“Dr Kanogo has followed the fortunes of these squatters. It is an amazing story. At first, when white settlement was in its infancy, the squatters lived in a ‘heaven.’ They prospered greatly by utilizing the vast and virgin lands which the Europeans could not at first put under production.
“This ‘heaven’ lasted only until around 1923. Then the white settlers began to assert themselves, by demanding more labour hours from the squatters. By using the colonial state, they initiated laws to restrict squatter cultivation and animal husbandry and, by the early 1940s, the vast quantity of the squatter livestock had been got rid of. The squatters became poorer and poorer, disillusioned and angry.
“Dr. Kanogo proceeds to narrate the story of squatter involvement in the Mau Mau movement—in particular female participation—the first time a Kenyan historian has actually done field work on Mau Mau instead of simply mouthing propaganda.”
William R. Ochieng, Professor and chairman of the history department, Kenyatta University
“A first-rate piece of research and analysis [and] also very exciting. It is a social history of the Kikuyu squatters on the White Highlands, who became possibly the most important group in the composition of Mau Mau and, thereafter, a most significant pressure group in the politics of decolonization, since it was their spontaneous action in occupying a number of settler farms which ensured the political necessity of the settlement schemes. It has intimate and detailed data on the everyday life of the squatters before the 1940s. It has some marvellous pictures of their ingenuity, establishing what was essentially a Kikuyu colony, where there should only have been obedient farmworkers.”
John Lonsdale, Fellow of Trinity College, Cambridge
“This is a provocative piece of work, which should interest several audiences. First, students of Kenyan history. Secondly, economic historians, especially those interested in labor history. Finally, from a comparative point of view, those interested in the socio-economic bases of revolution.”
Bethwell A. Ogot, Professor of history, Kenyatta University
This is a study of the genesis, evolution, adaptation and subordination of the Kikuyu squatter labourers, who comprised the majority of resident labourers on settler plantations and estates in the Rift Valley Province of the White Highlands. The story of the squatter presence in the White Highlands is essentially the story of the conflicts and contradictions that existed between two agrarian systems, the settler plantation economy and the squatter peasant option. Initially, the latter developed into a viable but much resented sub-system which operated within and, to some extent, in competition with settler agriculture. This study is largely concerned with the dynamics of the squatter presence in the White Highlands and with the initiative, self-assertion and resilience with which they faced their subordinate position as labourers. In their response to the machinations of the colonial system, the squatters were neither passive nor malleable but, on the contrary, actively resisted coercion and subordination as they struggled to carve out a living for themselves and their families….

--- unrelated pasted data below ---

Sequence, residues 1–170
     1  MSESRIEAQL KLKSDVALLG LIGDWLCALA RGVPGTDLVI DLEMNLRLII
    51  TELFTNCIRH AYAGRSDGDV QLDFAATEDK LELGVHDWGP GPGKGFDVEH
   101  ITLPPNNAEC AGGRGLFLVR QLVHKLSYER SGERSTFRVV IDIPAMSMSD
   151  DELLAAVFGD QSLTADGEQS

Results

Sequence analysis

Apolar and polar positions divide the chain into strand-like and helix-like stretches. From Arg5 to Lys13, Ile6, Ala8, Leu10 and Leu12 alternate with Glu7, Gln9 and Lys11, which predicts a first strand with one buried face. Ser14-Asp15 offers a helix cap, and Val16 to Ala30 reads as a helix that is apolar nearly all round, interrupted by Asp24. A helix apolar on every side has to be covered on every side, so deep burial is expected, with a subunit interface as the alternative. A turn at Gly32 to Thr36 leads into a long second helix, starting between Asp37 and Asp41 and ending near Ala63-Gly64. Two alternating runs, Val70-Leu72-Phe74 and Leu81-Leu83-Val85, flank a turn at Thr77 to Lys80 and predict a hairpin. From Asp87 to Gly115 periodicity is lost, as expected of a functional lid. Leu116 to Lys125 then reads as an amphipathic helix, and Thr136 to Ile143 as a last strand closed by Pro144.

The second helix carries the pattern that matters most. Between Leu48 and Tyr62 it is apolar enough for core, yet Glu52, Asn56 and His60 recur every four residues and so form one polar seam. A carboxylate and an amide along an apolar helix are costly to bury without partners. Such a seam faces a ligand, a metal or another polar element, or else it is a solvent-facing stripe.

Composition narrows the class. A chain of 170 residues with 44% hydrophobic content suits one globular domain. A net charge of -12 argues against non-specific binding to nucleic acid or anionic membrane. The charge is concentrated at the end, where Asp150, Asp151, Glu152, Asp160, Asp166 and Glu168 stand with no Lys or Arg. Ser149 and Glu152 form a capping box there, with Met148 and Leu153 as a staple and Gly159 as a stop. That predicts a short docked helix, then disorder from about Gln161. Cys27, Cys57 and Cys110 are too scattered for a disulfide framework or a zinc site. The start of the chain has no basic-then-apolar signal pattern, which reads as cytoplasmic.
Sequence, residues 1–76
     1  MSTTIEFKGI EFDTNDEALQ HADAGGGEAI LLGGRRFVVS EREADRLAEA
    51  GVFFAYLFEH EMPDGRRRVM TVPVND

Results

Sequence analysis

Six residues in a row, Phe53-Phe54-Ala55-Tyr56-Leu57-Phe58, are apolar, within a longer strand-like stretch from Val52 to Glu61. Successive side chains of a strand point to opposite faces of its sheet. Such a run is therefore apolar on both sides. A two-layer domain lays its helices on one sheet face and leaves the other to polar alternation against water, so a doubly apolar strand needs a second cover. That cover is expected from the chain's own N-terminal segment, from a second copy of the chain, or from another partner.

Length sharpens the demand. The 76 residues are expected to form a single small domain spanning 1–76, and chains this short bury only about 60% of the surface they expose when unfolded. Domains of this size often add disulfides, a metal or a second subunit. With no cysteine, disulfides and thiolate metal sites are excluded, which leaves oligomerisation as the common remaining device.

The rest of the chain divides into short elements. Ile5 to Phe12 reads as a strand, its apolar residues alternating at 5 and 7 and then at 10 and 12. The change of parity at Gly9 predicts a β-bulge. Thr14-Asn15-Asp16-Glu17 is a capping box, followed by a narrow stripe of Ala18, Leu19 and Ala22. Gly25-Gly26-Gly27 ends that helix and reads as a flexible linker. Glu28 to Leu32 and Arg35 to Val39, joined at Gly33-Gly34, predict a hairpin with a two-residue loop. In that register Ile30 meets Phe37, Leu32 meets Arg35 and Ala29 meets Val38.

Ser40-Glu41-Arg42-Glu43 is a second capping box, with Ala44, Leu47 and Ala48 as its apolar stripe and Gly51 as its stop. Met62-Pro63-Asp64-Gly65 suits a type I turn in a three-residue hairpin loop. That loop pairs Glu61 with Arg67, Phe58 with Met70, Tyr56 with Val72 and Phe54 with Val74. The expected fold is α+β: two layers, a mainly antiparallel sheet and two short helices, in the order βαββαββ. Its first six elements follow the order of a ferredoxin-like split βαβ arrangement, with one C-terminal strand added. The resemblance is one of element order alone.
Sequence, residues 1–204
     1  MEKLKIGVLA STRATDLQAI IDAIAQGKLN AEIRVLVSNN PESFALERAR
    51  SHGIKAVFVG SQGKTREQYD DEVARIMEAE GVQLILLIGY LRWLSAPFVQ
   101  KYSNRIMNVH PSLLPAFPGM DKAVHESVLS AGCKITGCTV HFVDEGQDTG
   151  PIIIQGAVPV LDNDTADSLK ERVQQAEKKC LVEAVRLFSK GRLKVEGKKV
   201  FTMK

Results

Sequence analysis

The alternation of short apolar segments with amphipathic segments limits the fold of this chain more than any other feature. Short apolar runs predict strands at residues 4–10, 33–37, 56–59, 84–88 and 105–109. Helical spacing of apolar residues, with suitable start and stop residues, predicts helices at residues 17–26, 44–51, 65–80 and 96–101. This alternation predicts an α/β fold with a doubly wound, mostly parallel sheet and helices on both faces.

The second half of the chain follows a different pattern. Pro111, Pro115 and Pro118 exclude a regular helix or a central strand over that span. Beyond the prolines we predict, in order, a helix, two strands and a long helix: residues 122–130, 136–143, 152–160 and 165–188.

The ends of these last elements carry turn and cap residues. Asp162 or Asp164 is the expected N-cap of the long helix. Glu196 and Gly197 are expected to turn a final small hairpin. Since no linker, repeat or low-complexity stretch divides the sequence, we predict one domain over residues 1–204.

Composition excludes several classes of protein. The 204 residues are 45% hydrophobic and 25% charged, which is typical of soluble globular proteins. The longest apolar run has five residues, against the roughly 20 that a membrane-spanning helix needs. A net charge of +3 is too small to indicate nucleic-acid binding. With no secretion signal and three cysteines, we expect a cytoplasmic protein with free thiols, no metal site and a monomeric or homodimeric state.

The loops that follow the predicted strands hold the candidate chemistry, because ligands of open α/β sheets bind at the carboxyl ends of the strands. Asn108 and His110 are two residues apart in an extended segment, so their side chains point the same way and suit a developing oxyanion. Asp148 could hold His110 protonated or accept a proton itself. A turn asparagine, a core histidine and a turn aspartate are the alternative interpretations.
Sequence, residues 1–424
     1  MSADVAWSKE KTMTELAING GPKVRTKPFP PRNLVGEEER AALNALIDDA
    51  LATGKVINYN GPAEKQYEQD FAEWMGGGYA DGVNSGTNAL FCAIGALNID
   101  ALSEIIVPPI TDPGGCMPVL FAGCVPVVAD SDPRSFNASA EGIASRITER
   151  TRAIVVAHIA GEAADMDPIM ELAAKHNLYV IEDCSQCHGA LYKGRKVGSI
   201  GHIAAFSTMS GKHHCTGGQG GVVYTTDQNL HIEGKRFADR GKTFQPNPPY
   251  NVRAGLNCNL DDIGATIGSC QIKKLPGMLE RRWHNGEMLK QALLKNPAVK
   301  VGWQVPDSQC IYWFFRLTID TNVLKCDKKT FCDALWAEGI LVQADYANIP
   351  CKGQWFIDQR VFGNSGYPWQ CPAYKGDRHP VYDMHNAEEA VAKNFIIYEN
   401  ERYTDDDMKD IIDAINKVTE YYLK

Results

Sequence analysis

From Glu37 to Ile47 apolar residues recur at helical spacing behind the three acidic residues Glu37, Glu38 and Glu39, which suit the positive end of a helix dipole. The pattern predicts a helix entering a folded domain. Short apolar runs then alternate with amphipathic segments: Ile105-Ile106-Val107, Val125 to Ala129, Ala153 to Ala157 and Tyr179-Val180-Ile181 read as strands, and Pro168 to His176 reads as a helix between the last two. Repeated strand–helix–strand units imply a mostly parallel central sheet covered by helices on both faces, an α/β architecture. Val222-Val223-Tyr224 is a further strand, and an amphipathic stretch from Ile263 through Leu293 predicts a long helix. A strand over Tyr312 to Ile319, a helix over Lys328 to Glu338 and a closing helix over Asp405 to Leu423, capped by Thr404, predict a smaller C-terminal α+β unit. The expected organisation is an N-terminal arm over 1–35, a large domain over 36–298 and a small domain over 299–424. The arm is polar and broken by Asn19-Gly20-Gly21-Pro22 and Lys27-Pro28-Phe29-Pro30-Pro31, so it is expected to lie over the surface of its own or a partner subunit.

It is a firm conviction of this study that Kikuyu squatters played a crucial role in the initial build-up of the events that led to the outbreak of the Mau Mau war.
—from the introduction
Tabitha Kanogo is an associate professor of history at the University of California at Berkeley. More info →
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John Lonsdale says in his introduction: “This is the oral evidence of the Kikuyu villagers with whom Greet Kershaw lived as an aid worker during the Mau Mau ‘Emergency’ in the 1950s, and which is now totally irrecoverable in any form save in her own field notes.
This story of Kenya in the decade before the outbreak of the Mau Mau emergency presents an integrated view of imperial government as well as examining the social and economic causes of the Kikuyu revolt. Dr. Throup combines traditional Imperial History with its emphasis on the high politics of “The Official Mind” in the Colonial Office or in Government House with the new African historiography that concentrates on the people themselves.
The book breaks new ground in following the story of the participants of the rural movement during the decade after the defeat of the Mau Mau. New archival sources and interviews provide exciting material on the mechanics of the sociology of decolonization and on the containment of rural radicalism in Kenya. For the first time an account of decolonization in Kenya based on primary sources is offered to the reader.